How do we develop a stronger M&E culture in the new environment?
Governments and societies expect SMMEs to create jobs in their communities and often ignore the well-being of these enterprises. Even though the South African government has institutions in place to support SMMEs, there are still emerging barriers affecting the business of SMMEs and these challenges are limiting them from developing a climate that can induce local economies to address the unemployment and poverty affecting most, especially black African families, mostly youth and women.
Entrepreneurs are innovators, economic agents that are driving their businesses by assembling the resources, that includes their personal skills, and seek market opportunities and resources to exploit them. Small businesses’ struggles to survive in the Covid 19 era has been widely acknowledged, hence government and private sector aid SMMEs through financial support programmes to help them steady through the Covid 19 period.
Covid 19 arrived on our shores and found stagnant economic growth, and it can be argued, a mortally wounded and weak small business population. We wait to see the results of the combined effects of these factors on our small businesses and on community livelihoods.
One of the key factors why the our small business population has been weak and needing real care long before Covid 19, has been the lack of a well-co-ordinated structured ecosystem-wide monitoring and evaluation system to drive programme design, decisions and policy making.
Monitoring and evaluation is needed to assess the economic efficiency of SME and entrepreneurship policy actions and programme interventions. They should also inform the design and mix of SME and entrepreneurship policies (and programmes) by identifying those features which lead to desirable outcomes. Evaluation is fundamental to public accountability.
Public accountability through effective and transparent monitoring and evaluation is sorely lacking in the small business landscape. It is estimated that over R20b is spend in corporate ESD programmes alone in South Africa.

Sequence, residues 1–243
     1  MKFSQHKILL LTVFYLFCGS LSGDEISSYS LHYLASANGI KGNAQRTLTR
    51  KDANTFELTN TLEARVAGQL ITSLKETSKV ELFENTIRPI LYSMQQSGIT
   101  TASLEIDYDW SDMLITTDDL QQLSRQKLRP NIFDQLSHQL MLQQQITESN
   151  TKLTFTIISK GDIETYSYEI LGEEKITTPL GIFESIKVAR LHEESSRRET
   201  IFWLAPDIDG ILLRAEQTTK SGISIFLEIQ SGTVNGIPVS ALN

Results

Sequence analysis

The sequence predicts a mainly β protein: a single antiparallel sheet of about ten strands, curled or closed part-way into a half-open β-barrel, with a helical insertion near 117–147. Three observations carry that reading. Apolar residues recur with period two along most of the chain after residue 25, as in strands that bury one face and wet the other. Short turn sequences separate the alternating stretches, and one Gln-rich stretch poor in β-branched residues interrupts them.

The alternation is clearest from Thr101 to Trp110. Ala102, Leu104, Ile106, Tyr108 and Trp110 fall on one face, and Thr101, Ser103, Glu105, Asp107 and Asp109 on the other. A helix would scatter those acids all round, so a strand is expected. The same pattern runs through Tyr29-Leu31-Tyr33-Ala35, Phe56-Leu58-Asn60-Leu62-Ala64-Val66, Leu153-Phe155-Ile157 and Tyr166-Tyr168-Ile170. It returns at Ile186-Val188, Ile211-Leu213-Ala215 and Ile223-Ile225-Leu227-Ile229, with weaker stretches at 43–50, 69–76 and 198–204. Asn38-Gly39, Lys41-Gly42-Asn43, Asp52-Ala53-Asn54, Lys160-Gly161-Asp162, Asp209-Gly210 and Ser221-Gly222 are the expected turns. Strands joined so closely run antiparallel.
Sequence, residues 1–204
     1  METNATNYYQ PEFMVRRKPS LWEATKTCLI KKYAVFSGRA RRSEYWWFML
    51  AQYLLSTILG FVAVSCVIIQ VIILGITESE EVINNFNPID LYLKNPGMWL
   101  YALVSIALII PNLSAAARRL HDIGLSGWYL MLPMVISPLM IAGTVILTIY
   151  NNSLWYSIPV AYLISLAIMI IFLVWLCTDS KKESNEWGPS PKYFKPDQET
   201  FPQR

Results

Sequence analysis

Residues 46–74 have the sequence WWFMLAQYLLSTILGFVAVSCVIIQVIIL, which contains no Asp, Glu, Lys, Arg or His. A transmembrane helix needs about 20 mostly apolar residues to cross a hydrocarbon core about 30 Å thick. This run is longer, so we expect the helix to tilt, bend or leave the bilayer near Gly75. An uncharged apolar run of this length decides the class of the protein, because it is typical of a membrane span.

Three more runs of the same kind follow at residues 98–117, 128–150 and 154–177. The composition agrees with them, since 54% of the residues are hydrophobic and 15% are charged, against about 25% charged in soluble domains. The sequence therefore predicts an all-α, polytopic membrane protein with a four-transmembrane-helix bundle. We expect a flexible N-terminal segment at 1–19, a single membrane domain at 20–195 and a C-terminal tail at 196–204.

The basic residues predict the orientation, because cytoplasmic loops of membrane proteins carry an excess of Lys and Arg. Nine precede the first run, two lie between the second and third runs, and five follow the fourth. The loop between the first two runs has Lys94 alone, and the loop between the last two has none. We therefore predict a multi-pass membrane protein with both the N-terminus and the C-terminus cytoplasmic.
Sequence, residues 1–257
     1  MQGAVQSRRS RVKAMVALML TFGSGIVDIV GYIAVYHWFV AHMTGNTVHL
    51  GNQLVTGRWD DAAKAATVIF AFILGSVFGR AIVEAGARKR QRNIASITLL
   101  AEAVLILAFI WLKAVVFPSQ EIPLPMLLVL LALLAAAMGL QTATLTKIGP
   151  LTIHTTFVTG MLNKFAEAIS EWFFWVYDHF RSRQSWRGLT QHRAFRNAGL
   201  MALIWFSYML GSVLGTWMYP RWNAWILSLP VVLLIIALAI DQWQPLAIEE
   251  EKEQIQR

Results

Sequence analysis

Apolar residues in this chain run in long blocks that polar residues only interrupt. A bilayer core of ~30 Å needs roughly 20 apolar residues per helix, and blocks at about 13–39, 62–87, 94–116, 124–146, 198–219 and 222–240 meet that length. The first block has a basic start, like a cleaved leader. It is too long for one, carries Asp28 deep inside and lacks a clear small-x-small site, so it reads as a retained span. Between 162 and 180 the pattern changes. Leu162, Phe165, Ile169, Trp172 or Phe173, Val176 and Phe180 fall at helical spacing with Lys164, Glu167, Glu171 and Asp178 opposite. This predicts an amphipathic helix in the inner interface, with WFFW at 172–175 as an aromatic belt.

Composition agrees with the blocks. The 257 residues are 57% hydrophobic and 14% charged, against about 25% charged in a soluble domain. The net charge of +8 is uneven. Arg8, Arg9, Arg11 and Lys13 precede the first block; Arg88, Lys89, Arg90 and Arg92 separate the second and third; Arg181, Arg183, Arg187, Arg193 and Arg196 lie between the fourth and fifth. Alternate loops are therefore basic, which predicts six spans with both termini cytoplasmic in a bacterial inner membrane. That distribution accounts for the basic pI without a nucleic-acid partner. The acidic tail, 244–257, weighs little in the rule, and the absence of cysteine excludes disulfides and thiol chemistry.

Add to this the spend by government departments and agencies at national, provincial and local level, then you will understand why the South African SMME ecosystem is regarded as having a bounty of financial resources which has led to the rapid development of body of the Small Business support sector, often referred to as the Business Development Support (BDS) Providers. It is estimated that we have about 500 such formal entities all developing, capacitating, advising, coaching, supporting South African small businesses. Add to this number, the thousands of independent professionals who also pay in the space of providing nonfinancial support to small businesses. Then we should have a very robust ecosystem with great results to show for it.
Over 20 years later since the dawn of democracy, after a plethora of legislation and policies and billions of Rands later, what have we got to show for it?
Is there lack of will within the policy environment and the within ecosystem in general, with an over preoccupation on self-interests?
Reliable methods for the evaluation of SME and entrepreneurship policies and programmes using appropriate tools and techniques have been established and demonstrated. However, such methods, which can address the heterogeneous impacts of policies and programmes on different types of SMEs, are not widely used.
Key challenges include increasing the application of rigorous evaluation techniques; better specifying policy and programme objectives, targets and indicators; making better use of data, including existing national administrative data sets for purposes such as tax and social security; and seizing the potential of Big Data.
It is important to make better use of evaluation in the policy cycle; evaluate systematically across the portfolio of SME and entrepreneurship interventions; and assess the impacts on SMEs and entrepreneurship of policies and programmes. in areas where business development support is not the primary objective.
How can a stronger culture of monitoring and evaluation be established for SMME and entrepreneurship policies and programmes?